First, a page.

Flavor Profile Kiwi, black cherry, lime caramel, cocoa
Antigua estates and small producers organized around Los Volcanes Coffee
1550 – 1900 masl
Bourbon, Catuaí, Gesha
Antigua, Sacatepéquez Department, Guatemala
January - May
The city of Antigua is in many ways a modern coffee Eden. It’s iconic, laid back, gorgeously ornate, and for a city of its size it is absolutely teeming with historic coffee infrastructure. Coffees from most of the Sacatepéquez department is known simply as “Antigua”, and their sugar profiles range from butterscotch to marzipan sweetness, and acids from lemonade-like piquancy to dessert wine or tangy dried fruit.
Guatemala’s best centralized wet mills and boutique exporters are based in Antigua. There are hundreds of farms in the area, from the city’s legacy estates to patchwork smallholder communities climbing most of the way up Volcán de Agua, one of three looming stratovolcanoes that seem to be visible from every street corner in town and play a large part in Antigua’s famous soil composition. Such a variety of producers begets coffees with endless combinations of microclimates, elevations and varieties. There is a lot to work with here, and a lot of talent.
“Farms of Antigua” is a flagship coffee program created by Los Volcanes Coffee to showcase what they consider to be a “true” terroir of the entire Antigua valley—something that in their experience can only be achieved by blending different producers together. As processors and millers, Los Volcanes has access to a wide variety of producers, from Antigua’s historic valley estates to smallholders high on the neighboring volcanic slopes.
At Los Volcanes’ wet mill cherry is delivered daily throughout harvest. Upon delivery it is sorted for uniformity, depulped, and fermented for up to 48 hours in a covered, temperature-controlled warehouse of ceramic tanks. Los Volcanes employs dedicated processing managers calibrated to a combination of temperature and smell to manage precise degrees of fermentation and maintain consistency across batches of varying volumes, temperatures, and humidity levels. After fermentation is complete, parchment is passed through a pressurized water siphon for cleaning and density grading, and then dried on the site’s large patio or in mechanical dryers. As batches of parchment finish drying throughout the harvest, the Los Volcanes team works with each individual lot in their cupping lab, blind-tasting coffee from the smallest and most remote producers next to that of the largest and most established. “Farms of Antigua” is a series of small blends made this way which, though subtly different from one another, all harmoniously evoke the best attributes a roaster can find in Antigua coffees: milk chocolate and buttercream sweetness, citrus zest, dried tropical fruit, jammy acids, and mouthwatering aromatics.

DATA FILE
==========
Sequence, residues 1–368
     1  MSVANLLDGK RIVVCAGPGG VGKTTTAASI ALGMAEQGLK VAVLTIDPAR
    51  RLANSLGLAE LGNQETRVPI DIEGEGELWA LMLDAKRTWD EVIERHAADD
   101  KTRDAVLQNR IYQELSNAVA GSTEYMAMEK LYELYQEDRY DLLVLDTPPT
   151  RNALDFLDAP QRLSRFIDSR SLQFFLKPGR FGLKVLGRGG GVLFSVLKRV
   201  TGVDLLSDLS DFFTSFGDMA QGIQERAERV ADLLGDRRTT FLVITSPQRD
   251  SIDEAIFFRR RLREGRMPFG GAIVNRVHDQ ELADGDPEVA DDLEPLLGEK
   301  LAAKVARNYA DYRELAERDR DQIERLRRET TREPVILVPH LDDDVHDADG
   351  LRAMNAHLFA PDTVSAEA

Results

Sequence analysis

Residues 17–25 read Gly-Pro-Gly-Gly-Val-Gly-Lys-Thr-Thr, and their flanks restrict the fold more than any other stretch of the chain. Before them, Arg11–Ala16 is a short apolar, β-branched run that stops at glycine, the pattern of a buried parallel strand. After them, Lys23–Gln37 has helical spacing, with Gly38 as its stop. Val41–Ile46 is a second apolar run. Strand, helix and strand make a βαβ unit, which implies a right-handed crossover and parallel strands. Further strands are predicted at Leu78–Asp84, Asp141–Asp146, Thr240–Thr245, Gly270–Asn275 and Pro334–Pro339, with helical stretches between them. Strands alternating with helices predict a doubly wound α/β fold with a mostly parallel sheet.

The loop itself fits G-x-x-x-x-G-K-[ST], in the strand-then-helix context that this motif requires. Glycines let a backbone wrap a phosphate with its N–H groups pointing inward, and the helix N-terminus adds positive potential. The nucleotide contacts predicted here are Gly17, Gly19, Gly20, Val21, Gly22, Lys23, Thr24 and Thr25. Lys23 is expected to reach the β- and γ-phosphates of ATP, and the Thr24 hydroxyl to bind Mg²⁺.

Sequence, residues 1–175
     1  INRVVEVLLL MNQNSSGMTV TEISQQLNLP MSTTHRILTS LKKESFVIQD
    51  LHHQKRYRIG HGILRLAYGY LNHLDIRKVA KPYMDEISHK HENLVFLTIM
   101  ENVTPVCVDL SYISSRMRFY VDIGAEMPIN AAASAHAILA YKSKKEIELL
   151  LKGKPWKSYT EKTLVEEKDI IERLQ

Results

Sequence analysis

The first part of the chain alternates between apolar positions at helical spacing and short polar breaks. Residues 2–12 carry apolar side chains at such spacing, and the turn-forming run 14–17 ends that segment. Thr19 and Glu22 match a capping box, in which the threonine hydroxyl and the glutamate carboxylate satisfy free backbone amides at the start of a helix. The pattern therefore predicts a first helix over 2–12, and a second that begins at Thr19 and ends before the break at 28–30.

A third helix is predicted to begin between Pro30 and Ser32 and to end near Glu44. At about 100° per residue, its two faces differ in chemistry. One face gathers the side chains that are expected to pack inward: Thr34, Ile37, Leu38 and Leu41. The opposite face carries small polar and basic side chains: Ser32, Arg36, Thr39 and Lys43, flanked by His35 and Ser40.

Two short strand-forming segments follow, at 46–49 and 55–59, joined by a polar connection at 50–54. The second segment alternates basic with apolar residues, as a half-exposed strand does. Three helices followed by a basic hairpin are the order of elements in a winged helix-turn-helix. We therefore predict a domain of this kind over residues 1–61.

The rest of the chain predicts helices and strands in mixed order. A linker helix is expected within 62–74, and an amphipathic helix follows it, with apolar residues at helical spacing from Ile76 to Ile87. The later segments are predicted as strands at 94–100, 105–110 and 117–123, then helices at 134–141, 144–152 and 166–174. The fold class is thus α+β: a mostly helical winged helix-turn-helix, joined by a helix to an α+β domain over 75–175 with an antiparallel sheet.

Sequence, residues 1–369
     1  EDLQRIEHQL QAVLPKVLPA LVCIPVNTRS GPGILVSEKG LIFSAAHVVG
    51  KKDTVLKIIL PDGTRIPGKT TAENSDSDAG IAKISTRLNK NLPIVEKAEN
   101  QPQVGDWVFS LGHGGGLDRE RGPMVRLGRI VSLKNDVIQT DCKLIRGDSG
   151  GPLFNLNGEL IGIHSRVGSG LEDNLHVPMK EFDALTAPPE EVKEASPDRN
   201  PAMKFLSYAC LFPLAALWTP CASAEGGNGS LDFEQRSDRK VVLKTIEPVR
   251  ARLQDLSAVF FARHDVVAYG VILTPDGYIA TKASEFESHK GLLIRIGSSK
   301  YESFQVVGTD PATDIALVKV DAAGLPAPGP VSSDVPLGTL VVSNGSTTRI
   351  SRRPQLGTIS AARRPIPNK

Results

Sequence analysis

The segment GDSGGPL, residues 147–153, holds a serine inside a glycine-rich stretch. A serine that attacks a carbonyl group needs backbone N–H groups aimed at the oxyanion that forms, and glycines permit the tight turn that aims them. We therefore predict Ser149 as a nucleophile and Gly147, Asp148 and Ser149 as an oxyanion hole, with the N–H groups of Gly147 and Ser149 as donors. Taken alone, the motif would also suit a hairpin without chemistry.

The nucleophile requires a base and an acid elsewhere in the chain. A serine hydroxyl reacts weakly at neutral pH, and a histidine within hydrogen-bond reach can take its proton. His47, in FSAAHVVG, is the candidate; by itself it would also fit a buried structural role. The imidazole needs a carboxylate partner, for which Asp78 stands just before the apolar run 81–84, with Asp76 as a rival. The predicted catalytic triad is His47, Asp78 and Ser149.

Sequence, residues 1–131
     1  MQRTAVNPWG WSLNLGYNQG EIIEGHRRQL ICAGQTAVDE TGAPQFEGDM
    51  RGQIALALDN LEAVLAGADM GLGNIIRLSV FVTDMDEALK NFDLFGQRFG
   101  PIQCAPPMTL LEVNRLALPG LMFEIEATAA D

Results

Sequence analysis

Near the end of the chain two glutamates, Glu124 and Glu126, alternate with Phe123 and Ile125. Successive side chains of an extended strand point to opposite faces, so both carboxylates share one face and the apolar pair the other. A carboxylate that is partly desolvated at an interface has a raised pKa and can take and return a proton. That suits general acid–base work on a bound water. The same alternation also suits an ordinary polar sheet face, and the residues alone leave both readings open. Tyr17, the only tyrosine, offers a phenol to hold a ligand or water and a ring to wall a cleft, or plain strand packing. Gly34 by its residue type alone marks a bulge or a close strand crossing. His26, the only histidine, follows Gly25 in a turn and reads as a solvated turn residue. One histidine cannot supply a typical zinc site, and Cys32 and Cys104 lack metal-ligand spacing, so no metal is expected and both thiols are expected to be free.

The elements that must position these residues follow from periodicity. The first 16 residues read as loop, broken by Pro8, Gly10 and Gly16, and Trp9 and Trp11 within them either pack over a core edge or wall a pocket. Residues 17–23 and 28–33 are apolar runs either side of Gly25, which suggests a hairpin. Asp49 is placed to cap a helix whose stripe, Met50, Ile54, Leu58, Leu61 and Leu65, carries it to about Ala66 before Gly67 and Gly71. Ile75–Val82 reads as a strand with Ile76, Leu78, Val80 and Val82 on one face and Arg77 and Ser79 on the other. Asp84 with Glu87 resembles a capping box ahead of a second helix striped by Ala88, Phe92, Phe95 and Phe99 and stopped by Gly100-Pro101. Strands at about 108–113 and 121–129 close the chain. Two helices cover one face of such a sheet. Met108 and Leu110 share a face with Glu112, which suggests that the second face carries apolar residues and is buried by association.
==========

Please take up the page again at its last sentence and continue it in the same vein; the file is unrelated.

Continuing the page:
Los Volcanes is a tight-knit processing and exporting team who expertise in agronomy and processing is interwoven throughout Guatemala, thanks to their many years of experience as cuppers, roasters, exporters, relationship managers, and educators. Indeed, the name “Los Volcanes” appears on a wide variety of coffees Royal imports each year. The founding team at Los Volcanes is known for breaking down a single farm’s harvest into hundreds of data points (compost formulas, genetics, shade variance, picking rates, fermentation times and temperatures, drying styles, and on and on) and re-building custom harvesting protocols for farm managers based on their experience and cupping acumen. Naturally, over time, Los Volcanes began to co-manage farms with their supplier partners. Finally, a few years ago they took over the operation of a large-scale wet mill in Antigua, complete with adjacent coffee farm, and moved their headquarters there from Guatemala City. They now centrally process cherry from dozens of select farms and smallholder communities, bringing their fermentation precision to an unprecedented scale, and building incredibly delicious, affordable macro lots that present refined terroirs and consistent preparation.